Difference between revisions of "Kuśa"

From Hindupedia, the Hindu Encyclopedia
(Kuśa, The Grass)
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==Kuśa, Son of Rāma==
 
==Kuśa, Son of Rāma==
As per the Uttarakānda of the Rāmāyana of Vāmīki,<ref>Rāmāyana chapters 91, 98 and 108</ref> Kuśa and Lava were the twins were born from Sītā in the hermitage of Vālmiki. Sitā was pregnant when she had been banished by Rāma. He was afraid of the calumny that had spread in his kingdom, even though both of them were innocent and pure. Then Sītā had been sheltered by the sage Vālmiki in his hermitage.
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Kuśa and Lava were the twins were born from Sītā in the hermitage of Vālmiki as per the Uttarakānda of the Rāmāyana of Vāmīki,<ref>Rāmāyana chapters 91, 98 and 108</ref>. Sitā was pregnant when she had been banished by Rāma. He was afraid of the calumny that had spread in his kingdom, even though both of them were innocent and pure. Then Sītā had been sheltered by the sage Vālmiki in his hermitage.
  
 
Kuśa and Lava were educated by Vālmiki in the various arts and sciences. He had also taught them to sing the whole of Rāmāyana to the accompaniment of musical instruments. Both the boys attended the Aśvamedha sacrifice, along with Vālmiki. They were endeared by everyone through their enchanting music and charming appearance. After revealing the truth, Vālmīki handed over Sītā and the two boys to Rāma. However, Sītā was absorbed into the bowels of the earth by Bhumātā (Mother Earth) at her request.
 
Kuśa and Lava were educated by Vālmiki in the various arts and sciences. He had also taught them to sing the whole of Rāmāyana to the accompaniment of musical instruments. Both the boys attended the Aśvamedha sacrifice, along with Vālmiki. They were endeared by everyone through their enchanting music and charming appearance. After revealing the truth, Vālmīki handed over Sītā and the two boys to Rāma. However, Sītā was absorbed into the bowels of the earth by Bhumātā (Mother Earth) at her request.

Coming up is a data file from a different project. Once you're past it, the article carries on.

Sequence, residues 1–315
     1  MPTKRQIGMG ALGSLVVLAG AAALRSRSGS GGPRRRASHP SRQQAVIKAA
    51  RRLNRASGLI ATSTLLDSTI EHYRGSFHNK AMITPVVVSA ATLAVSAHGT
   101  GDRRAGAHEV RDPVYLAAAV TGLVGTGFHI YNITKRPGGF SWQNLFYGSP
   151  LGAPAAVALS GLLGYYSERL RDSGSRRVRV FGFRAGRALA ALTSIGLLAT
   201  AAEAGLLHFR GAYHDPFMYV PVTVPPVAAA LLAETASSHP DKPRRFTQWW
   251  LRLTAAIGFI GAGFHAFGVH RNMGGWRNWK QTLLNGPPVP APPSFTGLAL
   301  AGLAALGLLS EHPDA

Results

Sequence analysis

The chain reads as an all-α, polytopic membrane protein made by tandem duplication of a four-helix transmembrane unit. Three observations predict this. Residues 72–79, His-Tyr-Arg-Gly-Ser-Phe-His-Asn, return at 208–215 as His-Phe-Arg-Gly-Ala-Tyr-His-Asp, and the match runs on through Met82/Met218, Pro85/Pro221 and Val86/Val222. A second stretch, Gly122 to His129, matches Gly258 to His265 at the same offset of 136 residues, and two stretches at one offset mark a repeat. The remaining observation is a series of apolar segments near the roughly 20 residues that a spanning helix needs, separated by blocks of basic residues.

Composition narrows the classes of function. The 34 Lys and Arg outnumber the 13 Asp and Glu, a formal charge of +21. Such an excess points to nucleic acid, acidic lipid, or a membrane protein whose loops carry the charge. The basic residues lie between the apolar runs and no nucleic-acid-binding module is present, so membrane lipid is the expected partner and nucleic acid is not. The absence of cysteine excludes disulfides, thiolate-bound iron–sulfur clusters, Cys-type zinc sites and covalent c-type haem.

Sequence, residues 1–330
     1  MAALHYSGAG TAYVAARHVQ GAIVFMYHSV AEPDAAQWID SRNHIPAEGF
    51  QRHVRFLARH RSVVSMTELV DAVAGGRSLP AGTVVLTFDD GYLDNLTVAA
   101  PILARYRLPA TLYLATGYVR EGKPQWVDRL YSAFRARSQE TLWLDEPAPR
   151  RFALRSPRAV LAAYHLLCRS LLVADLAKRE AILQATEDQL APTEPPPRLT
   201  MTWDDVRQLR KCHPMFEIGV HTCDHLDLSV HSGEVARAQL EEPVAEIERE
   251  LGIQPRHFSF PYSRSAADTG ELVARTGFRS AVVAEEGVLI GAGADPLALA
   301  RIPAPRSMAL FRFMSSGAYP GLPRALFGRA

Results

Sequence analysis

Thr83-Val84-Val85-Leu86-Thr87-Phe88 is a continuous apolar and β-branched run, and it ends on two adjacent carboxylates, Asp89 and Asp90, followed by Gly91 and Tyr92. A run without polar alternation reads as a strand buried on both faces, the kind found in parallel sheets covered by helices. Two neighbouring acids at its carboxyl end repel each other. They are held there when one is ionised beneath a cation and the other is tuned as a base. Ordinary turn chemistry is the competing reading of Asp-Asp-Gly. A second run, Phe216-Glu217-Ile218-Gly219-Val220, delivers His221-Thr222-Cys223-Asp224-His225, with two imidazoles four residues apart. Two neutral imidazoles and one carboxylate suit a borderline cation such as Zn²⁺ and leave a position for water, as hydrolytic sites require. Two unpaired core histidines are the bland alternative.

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==Kuśa, The Grass==
 
==Kuśa, The Grass==
The word kuśa also stands for the kuśa grass. It is same darbha. It's scientific name is Poa cynosuroides.</ref> It is used in religious rites.  
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The word kuśa also stands for the kuśa grass and is same as darbha. It's scientific name is Poa cynosuroides and is used in religious rites.  
  
 
==Kuśa, An Island==
 
==Kuśa, An Island==
There is reference of an island named Kuśadvīpa. It is one among the seven described in Hindu mythology.
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Kuśadvīpa is one among the seven islands described in Hindu mythology.
  
 
==References==
 
==References==

Revision as of 19:05, 2 November 2016

By Swami Harshananda

Sometimes transliterated as: Kusa, KuZa, Kusha


Kuśa, Son of Rāma

Kuśa and Lava were the twins were born from Sītā in the hermitage of Vālmiki as per the Uttarakānda of the Rāmāyana of Vāmīki,[1]. Sitā was pregnant when she had been banished by Rāma. He was afraid of the calumny that had spread in his kingdom, even though both of them were innocent and pure. Then Sītā had been sheltered by the sage Vālmiki in his hermitage.

Kuśa and Lava were educated by Vālmiki in the various arts and sciences. He had also taught them to sing the whole of Rāmāyana to the accompaniment of musical instruments. Both the boys attended the Aśvamedha sacrifice, along with Vālmiki. They were endeared by everyone through their enchanting music and charming appearance. After revealing the truth, Vālmīki handed over Sītā and the two boys to Rāma. However, Sītā was absorbed into the bowels of the earth by Bhumātā (Mother Earth) at her request.

Later, Rāma coronated Kuśa as the king of Kuśāvatī near the Vindhyā mountains and Lava at Srāvasti before exiting from this world. Later on Kuśa shifted his capital to Ayodhyā.

Kuśa had two wives, Campakā and Kumudvatī. His lineage continued through the eight sons of the second wife.

Kuśa, The Grass

The word kuśa also stands for the kuśa grass and is same as darbha. It's scientific name is Poa cynosuroides and is used in religious rites.

Kuśa, An Island

Kuśadvīpa is one among the seven islands described in Hindu mythology.

References

  1. Rāmāyana chapters 91, 98 and 108
  • The Concise Encyclopedia of Hinduism, Swami Harshananda, Ram Krishna Math, Bangalore